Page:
The chief complaint of patients choosing treatment with the Invisalign System includes crowding or spacing, flaring, supra- or infra-erupted teeth (Vlaskalic and Boyd 2001; Meier et al. 2003) (Fig. 17.3). Spacing and flaring can generally be resolved without problems and intrusion of over-erupted teeth is not a problem as long as the aligners are not dislodged occlusally from the anchor teeth. Retention can be easily improved by adding so-called attachments to the neighbouring teeth. Since extrusion of infra-erupted teeth cannot be predictably accomplished with the Invisalign System alone it may require additional measures (see ‘How can complications during treatment with the Invisalign System be avoided?’). Crowding can be treated by: interproximal enamel reduction (IER), expansion of the dental arch, moving posterior teeth distally or with extractions.

Fig. 17.3 Frequency of occurrence of various malocclusion features in patients enquiring about Invisalign therapy

(data source: Meier et al. 2003).


What Is the Most Favourable Approach to Resolving Crowding in Invisalign Patients?

Crowding is most frequently resolved by IER, primarily because many Invisalign patients had orthodontic treatment previously, specially if the crowding is only moderate (Miethke and Jost-Brinkmann 2006) (Fig. 17.4). Extractions would create excessive space and IER is effective in avoiding open gingival embrasures (Atherton 1970; de Harfin 2000; Kurth and Kokich 2001; Zachrisson 2004), a problem which increases with age especially in patients with advanced periodontal diseases. IER is also the treatment of choice in the case of a tooth size discrepancy between the two dental arches.

Fig. 17.4 (1) Patient in whom interproximal enamel reduction (IER) was performed before treatment to alleviate crowding; only very limited tooth movements will be required and no excessive space will remain if the procedure is carried out with due care. (2) Patient with a Class II Division 1 malocclusion in whom distal movement of the maxillary posterior teeth was indicated. To overcome the reactive protrusive force on the maxillary anterior teeth the patient wore Class II elastics, which had the positive side effect of facilitating correction of the distal occlusion.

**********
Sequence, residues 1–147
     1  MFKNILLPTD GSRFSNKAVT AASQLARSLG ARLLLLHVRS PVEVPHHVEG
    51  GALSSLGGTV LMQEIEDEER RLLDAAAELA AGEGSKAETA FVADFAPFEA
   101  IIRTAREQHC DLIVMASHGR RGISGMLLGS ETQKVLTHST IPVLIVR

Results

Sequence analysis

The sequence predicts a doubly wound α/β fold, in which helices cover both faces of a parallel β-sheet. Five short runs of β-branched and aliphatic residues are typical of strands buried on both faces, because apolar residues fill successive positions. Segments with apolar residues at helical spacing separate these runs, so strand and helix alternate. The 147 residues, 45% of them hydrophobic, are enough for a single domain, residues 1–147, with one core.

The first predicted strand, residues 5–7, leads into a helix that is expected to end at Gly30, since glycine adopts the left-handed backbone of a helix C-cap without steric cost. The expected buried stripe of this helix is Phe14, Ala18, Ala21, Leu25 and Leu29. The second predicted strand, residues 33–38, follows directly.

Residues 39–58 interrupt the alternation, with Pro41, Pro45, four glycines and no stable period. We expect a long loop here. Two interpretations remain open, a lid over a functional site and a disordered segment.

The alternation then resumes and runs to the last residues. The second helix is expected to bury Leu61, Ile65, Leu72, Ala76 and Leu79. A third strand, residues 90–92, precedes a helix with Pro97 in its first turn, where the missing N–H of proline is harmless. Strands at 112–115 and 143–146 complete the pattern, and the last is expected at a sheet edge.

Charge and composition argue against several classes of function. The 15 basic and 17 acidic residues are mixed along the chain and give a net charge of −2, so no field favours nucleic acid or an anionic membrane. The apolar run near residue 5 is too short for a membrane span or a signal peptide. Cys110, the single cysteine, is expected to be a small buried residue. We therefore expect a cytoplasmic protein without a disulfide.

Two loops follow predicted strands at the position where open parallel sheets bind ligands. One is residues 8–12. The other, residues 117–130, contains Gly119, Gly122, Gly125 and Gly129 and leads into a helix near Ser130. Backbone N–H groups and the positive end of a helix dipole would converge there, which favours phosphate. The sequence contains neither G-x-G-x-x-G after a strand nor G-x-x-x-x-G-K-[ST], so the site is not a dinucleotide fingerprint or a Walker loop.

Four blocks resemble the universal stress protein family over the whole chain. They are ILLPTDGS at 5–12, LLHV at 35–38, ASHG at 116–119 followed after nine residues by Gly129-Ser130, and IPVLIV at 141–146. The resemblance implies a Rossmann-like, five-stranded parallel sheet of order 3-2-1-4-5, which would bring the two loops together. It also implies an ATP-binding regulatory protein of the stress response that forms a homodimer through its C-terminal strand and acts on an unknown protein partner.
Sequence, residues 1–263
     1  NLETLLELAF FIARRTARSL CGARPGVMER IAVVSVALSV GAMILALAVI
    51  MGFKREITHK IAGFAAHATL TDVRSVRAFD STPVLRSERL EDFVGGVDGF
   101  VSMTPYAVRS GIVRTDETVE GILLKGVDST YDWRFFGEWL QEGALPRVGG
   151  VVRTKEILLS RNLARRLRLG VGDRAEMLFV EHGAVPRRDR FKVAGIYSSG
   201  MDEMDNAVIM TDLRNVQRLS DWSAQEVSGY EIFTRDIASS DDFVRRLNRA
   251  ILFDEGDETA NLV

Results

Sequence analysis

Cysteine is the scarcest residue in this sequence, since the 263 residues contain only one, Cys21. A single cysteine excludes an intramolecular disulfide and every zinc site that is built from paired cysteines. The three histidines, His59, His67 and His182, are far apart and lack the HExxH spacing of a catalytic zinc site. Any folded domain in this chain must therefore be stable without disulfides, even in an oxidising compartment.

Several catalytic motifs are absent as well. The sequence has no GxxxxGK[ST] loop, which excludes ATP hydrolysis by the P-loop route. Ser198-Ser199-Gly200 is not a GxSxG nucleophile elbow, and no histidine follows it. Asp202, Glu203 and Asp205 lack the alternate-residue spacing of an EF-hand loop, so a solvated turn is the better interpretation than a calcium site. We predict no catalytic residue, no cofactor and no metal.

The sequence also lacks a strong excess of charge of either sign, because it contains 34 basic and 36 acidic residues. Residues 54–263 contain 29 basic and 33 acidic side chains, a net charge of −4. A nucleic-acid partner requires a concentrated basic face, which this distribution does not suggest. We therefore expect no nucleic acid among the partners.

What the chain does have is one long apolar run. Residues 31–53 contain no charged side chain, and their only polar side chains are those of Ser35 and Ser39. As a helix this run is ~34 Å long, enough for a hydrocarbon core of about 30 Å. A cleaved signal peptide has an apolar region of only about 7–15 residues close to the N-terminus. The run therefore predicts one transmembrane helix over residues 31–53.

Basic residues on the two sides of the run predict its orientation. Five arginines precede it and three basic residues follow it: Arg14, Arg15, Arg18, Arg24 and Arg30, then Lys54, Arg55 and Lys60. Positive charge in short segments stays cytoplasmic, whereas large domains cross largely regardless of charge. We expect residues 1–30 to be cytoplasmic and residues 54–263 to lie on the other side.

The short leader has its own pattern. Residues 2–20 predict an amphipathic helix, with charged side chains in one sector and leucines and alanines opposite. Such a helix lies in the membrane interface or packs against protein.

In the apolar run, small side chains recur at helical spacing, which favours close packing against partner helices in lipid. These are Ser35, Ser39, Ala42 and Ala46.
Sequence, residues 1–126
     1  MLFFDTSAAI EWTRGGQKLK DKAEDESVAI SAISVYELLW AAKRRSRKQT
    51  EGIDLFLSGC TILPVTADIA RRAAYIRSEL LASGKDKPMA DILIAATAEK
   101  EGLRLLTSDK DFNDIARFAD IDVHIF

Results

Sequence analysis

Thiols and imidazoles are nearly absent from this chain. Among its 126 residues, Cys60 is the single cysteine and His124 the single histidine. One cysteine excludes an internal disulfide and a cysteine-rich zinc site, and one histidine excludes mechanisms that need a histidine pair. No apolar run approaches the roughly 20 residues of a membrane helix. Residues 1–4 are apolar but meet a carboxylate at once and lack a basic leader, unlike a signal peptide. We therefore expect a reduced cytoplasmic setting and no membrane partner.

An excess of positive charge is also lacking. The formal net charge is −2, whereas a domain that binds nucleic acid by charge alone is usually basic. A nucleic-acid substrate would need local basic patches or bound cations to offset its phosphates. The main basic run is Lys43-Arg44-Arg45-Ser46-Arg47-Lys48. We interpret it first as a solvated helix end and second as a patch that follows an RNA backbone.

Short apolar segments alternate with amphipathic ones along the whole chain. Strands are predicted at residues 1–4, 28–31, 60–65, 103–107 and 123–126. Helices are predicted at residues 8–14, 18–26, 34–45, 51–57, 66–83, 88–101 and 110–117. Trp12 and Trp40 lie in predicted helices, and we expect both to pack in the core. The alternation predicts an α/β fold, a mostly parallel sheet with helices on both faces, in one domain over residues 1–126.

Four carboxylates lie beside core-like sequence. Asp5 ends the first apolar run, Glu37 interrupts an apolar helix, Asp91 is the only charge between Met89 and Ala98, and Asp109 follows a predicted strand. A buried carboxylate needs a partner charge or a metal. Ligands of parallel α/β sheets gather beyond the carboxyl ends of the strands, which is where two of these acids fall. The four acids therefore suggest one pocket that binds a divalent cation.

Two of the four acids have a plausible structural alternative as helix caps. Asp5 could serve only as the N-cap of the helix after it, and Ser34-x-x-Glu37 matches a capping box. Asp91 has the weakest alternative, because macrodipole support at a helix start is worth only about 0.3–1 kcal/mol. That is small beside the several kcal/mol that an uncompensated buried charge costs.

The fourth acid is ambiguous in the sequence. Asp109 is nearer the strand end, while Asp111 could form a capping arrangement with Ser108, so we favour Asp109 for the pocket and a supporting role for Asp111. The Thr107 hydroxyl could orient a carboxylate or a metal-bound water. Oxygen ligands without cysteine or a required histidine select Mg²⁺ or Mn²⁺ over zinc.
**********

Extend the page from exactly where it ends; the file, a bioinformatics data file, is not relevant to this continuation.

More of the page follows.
Fundamentally, IER is an imitation of a physiological process because extensive attrition was a feature of the natural human dentition before civilization led to consumption of increasingly soft food.

How Can the Alternatives to IER Be Evaluated?

An alternative to IER is transverse expansion of the dental arch. However, only 3–4 mm space can be generated and expansion may be unstable (Chenin et al. 2003). This applies especially to the mandible where crowding is most frequently seen. Still, expansion may be indicated as a wider dental arch avoids the appearance of dark buccal corridors while smiling (Sarver 2001; Womack et al. 2002; Sarver and Ackerman 2003, Moore et al. 2005).

Another alternative to IER would be to move posterior teeth distally to create space for the anterior segment. This approach too is limited to 3–4 mm space gain. Distal movements can be enhanced by separating the posterior teeth before the vinyl polysiloxane impressions are taken. The preceding separation guarantees a much better fit of the aligners, especially in the interproximal spaces. The fit can be enhanced further by applying so-called attachments on the teeth to be moved distally. Since the laws of equilibrium cannot be overlooked, any retrusion of posterior teeth will produce some reciprocal protrusion of the anterior segments. Therefore, it is advisable to use appropriate interarch elastics simultaneously (Fig. 17.4); also the orthodontist should take care that all distal movements are programmed sequentially.

Besides the above-mentioned limitation, a problem related to lengthening of the dental arch is that it is time consuming to gain the necessary space before the crowding of the anterior segment can be alleviated. This may adversely impact on the patient’s cooperation.

Since extraction therapy with Invisalign treatment is still controversial, it will be dealt with in a separate section below.

What Are the Problems Related to Resolution of Crowding?